Housing Trust Fund To Grow

Photo: Bradley Maule PhillySkyline.com

Amidst a massive decrease in federal funding for housing and community development, there is some good news coming out of Harrisburg.

Today, Governor Corbett signed a bill, written by Representative John Taylor (R-Northeast Philly), that authorizes the city to increase its the Housing Trust Fund by $3.5 million to $10.5 million annually. Dedicated funding for the Trust Fund comes from deed and mortgage recording fees. During the recession, these fees declined to about half their 2005 level, putting the Trust Fund at risk.

The trust fund is used by the city and community development corporations to augment other funding streams for the construction of low and moderate income housing.

The bill passed after a lobbying effort led by the 90 member Philadelphia Association of Community Development Corporations (PACDC).

Last year, according to Rick Sauer, the PACDC executive director, the trust fund provided or improved housing for more than 850 low and moderate income households, leveraging more than $80 million in non-city funds.

The expansion of the trust fund will be paid for by an increase of $30 in the deed and mortgage recording fee.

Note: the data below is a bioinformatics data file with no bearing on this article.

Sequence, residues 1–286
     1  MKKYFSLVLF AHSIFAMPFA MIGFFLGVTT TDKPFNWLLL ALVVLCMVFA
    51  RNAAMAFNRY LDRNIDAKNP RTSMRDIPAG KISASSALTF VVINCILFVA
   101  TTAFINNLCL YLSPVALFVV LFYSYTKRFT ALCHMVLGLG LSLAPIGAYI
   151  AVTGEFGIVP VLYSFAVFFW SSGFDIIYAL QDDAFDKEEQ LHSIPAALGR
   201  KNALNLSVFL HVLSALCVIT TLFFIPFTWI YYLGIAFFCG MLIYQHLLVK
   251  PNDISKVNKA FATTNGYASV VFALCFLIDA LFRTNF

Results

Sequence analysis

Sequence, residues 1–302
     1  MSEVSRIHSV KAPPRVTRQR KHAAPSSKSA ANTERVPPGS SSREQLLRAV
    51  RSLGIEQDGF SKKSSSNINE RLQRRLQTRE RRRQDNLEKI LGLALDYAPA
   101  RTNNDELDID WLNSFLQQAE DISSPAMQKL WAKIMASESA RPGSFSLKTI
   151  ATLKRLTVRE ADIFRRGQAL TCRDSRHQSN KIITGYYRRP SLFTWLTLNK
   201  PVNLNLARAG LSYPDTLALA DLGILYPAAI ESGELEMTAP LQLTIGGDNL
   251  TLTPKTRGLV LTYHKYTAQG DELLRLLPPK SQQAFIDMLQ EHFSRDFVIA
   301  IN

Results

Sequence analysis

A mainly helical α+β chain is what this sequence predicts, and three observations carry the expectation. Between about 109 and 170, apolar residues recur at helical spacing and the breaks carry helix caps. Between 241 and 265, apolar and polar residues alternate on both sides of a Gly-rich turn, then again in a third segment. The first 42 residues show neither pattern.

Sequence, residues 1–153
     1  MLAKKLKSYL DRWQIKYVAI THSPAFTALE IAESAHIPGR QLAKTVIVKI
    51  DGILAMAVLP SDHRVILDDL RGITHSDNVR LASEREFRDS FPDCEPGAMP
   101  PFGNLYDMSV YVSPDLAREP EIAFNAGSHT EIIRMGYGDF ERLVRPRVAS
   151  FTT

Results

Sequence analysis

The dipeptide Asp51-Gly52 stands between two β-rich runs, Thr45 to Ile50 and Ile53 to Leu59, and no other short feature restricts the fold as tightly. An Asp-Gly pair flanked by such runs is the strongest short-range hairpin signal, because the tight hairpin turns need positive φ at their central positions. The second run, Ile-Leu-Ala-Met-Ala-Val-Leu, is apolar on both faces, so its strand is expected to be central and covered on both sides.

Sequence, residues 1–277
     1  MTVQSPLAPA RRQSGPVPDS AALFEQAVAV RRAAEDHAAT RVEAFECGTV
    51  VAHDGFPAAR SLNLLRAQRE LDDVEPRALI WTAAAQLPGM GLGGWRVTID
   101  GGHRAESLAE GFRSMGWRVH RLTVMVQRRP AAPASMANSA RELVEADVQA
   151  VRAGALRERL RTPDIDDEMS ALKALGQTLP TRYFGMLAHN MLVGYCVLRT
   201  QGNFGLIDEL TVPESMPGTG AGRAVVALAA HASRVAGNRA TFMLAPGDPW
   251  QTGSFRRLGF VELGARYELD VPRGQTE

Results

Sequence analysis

Sauer says the trust fund increase comes at a time when federal funding for housing in Philadelphia has dropped about 30 percent in since 2010, but also as efforts are underway to secure dedicated funding through Marcellus Shale fees for a new State Housing Trust Fund. The Senate has already passed a bill that potentially would employ some of the fees for housing initiatives beyond the shale region.

About the author

Nathaniel Popkin is co-founder of the Hidden City Daily and author of three books of non-fiction, including Philadelphia: Finding the Hidden City (with Peter Woodall and Joseph E.B. Elliott) and two novels, Everything is Borrowed and Lion and Leopard. He is co-editor of Who Will Speak for America, an anthology forthcoming in June 2018, and the senior writer of the film documentary "Philadelphia: The Great Experiment."



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